Expert: Trump’s climate policy ‘not necessarily catastrophic’

Zou Ji, a Chinese climate expert and senior negotiator, believes “Obama’s climate policies were not necessarily that helpful, and Trump’s move this time is not necessarily that catastrophic.”

A Chinese expert in climate change said US President Donald Trump’s latest energy and climate-related policy is “not necessarily catastrophic” and its real impact needs to be closely watched from now on.

Trump signed an “energy independence” executive order on March 28, which dismantles many of his predecessor Barack Obama’s climate policies and has been lambasted by climate scientists and environment campaigners.

However, Zou Ji, a Chinese climate expert and senior negotiator, believes “Obama’s climate policies were not necessarily that helpful, and Trump’s move this time is not necessarily that catastrophic.”

Zou told by phone on March 30 that the climate pledge made by Obama was not “ambitious enough and somewhat watered down,” thus the incumbent president’s determination to revoke it will not necessarily mean a very severe regression in actual effect.

The United States contributes around 16 per cent of the world’s carbon emissions, and Obama had pledges to reduce greenhouse gas emissions by 26 to 28 per cent below its 2005 level by 2025 and to “make best efforts” to reduce overall emissions by 28 per cent.

Zou said the key factors in the U.S. carbon reduction and low-carbon agenda still remained intact under Trump; for instance, the tax reduction and exemption for renewable energy is not likely to be rescinded.

He believed the market would continue to play a fundamental role in America’s energy and climate choice, despite President Trump’s promise to bring back the coal industry. The price of coal-fired power is higher than gas power and has thus lost its appeal in the United States, he said.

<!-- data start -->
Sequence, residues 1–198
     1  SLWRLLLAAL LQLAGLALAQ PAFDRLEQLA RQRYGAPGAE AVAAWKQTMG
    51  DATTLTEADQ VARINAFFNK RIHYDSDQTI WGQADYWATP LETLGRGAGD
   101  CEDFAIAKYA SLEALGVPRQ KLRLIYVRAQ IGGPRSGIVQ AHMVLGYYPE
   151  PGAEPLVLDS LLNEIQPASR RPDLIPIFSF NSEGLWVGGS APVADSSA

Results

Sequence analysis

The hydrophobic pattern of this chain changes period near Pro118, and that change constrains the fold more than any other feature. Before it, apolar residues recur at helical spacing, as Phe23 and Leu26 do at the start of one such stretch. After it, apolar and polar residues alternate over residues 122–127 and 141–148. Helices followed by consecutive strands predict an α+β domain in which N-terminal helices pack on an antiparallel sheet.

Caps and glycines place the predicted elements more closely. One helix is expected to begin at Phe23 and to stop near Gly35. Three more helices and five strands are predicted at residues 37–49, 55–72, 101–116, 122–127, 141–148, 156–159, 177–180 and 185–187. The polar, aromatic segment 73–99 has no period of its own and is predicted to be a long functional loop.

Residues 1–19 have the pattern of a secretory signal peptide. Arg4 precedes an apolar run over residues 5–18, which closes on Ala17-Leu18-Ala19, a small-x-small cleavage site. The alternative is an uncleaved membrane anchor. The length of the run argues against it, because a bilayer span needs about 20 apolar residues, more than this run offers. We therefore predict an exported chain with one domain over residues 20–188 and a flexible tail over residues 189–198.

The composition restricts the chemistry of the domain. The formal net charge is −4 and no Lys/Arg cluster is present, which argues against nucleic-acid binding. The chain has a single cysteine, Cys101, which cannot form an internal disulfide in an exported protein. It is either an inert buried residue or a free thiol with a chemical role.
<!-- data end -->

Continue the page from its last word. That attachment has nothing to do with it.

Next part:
A key part of the executive order on Tuesday is a review of the Obama-era Clean Power Plan, which focused on reducing the country’s emissions from coal-burning power plants, as well as increasing the use of renewable energy. The plan is often seen as a lynchpin in America’s climate agenda.

Zou said “reviewing” the Clean Power Plan virtually means putting it on hold, as it could not be implemented in the process of a review that might take years.

Trump is widely seen as a climate skeptic who vowed to pull the U.S. out of the landmark Paris climate agreement during his presidential campaign. The move this time is seen by some as meeting his campaign promise.

Zou said that, whether the US would officially withdraw from the Paris Agreement needs to be carefully watched, adding that, if it took place, it would bring negative ramifications in its domestic climate agenda as well as its accountability in the international community.

This story was published with permission from

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